*Includes the actors' quotes about their lives and careers
*Includes a bibliography for further reading
"The first time I remember women reacting to me was when we were filming Hud in Texas. Women were literally trying to climb through the transoms at the motel where I stayed. At first, it's flattering to the ego. At first. Then you realize that they're mixing me up with the roles I play - characters created by writers who have nothing to do with who I am." - Paul Newman
"People say I've gone against Hollywood, but I've tried to be independent within Hollywood, tried to be my own person." - Robert Redford
Over the course of his long film career, Paul Newman was once one of the most bankable stars in Hollywood during his peak, and that was decades before he won an Academy Award for Best Actor for his role in The Color of Money (1986), one of the eight times he was nominated for an Oscar. Having come to prominence as a handsome but rebellious young man in the mold of James Dean, Newman was able to maintain an aura that viewers found both cool and irresistible even into his 60s, typically an age when leading men find themselves on the outs. Newman was even nominated for an Academy Award for Best Supporting Actor for Road to Perdition (2002), when he was in his late 70s, and he continued working in the industry until just shortly before his death in 2008.
While Newman was a recognizable film star in his time, younger generations know Newman more as a pop culture fixture than as a movie star. Newman acted and directed in Hollywood for six decades, but he was noteworthy off the screen for various pursuits, including running a racing team that was successful in IndyCar racing, but especially for the food products that bore his name. Newman established the food company Newman's Own as a philanthropic endeavor, once joking, "When I realized I was going to have to be a whore, to put my face on the label, I decided that the only way I could do it was to give away all the money we make. Over the years, that ethical stance has given us a 30 per cent boost. One in three customers buys my products because all the profits go to good causes and the rest buy the stuff because it is good." Although he started jokingly referring to himself as the "star of oil and vinegar and the oil and vinegar of the stars", consumers still find Newman's face on labels for goods like salad dressing and popcorn, and the brand name is still very popular today, helping carry Newman's name and legacy forward.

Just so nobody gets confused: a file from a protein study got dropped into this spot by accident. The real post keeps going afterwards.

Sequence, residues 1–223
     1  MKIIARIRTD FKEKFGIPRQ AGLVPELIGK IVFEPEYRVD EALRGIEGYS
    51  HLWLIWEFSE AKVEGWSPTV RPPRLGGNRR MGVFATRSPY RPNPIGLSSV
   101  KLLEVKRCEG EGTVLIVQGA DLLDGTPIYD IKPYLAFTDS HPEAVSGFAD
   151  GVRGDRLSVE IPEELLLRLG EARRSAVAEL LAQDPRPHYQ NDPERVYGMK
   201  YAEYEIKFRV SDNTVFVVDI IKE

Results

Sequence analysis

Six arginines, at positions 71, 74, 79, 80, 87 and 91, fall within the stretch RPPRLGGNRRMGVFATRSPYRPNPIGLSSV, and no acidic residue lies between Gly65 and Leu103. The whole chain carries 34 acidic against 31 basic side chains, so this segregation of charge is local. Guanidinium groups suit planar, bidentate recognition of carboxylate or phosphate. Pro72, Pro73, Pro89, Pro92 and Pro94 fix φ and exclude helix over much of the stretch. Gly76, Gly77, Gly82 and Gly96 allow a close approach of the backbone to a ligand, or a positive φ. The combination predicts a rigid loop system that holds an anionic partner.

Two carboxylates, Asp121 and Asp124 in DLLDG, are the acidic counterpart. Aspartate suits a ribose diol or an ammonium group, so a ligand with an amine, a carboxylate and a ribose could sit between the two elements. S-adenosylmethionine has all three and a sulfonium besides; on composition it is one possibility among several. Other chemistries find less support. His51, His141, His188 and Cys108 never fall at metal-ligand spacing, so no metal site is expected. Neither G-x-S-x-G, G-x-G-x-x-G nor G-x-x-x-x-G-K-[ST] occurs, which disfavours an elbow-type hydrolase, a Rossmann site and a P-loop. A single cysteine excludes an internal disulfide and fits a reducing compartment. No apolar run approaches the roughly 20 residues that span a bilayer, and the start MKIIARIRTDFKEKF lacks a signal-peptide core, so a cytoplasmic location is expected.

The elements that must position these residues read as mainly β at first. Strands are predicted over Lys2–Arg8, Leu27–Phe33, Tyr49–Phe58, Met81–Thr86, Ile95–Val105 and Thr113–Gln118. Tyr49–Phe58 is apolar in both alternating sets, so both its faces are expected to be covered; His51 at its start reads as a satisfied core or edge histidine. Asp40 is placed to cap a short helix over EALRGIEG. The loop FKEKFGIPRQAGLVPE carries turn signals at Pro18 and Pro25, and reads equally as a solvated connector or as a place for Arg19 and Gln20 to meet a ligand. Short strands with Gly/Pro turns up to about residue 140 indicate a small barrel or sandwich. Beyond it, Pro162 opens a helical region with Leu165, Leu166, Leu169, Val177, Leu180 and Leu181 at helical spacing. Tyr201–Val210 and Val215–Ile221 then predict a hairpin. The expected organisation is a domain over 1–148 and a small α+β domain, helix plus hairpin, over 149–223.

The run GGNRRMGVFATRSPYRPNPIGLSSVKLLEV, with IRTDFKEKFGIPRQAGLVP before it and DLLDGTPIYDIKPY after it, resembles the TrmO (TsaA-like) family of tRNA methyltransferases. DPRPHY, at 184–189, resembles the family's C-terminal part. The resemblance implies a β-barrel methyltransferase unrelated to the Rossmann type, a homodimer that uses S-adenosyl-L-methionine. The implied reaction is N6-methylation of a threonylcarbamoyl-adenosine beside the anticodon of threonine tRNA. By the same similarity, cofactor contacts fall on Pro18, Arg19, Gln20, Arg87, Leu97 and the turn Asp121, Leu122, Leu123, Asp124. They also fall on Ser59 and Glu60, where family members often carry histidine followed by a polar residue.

Redford is now considered one of the leading figures of art house cinema, not only in America but across the world as well. Presiding over the Sundance Film Festival, which is housed in his figurative backyard in Park City, Utah, Redford oversees the leading festival for independent cinema in the United States, facilitating exposure to art house films that otherwise would have struggled to find any distribution and transforming Sundance into a wildly successful company in its own right. Meanwhile, over the last few decades, Redford's career has placed him among the great Hollywood actors of his generation, alongside the likes of Robert DeNiro, Al Pacino, and Dustin Hoffman. Moreover, where Redford separates himself from these other figures of acting royalty is that he is also an accomplished director, as evidenced by the successes of Ordinary People (1980), The Milagro Beanfield War (1988), A River Runs Through It (1992) and other films. Clearly, Redford has distanced himself as far as possible from the "golden boy" label that constrained him early in his career.
This book examines the lives and careers of both legendary actors. Along with pictures and a bibliography, you will learn about Paul Newman and Robert Redford like never before.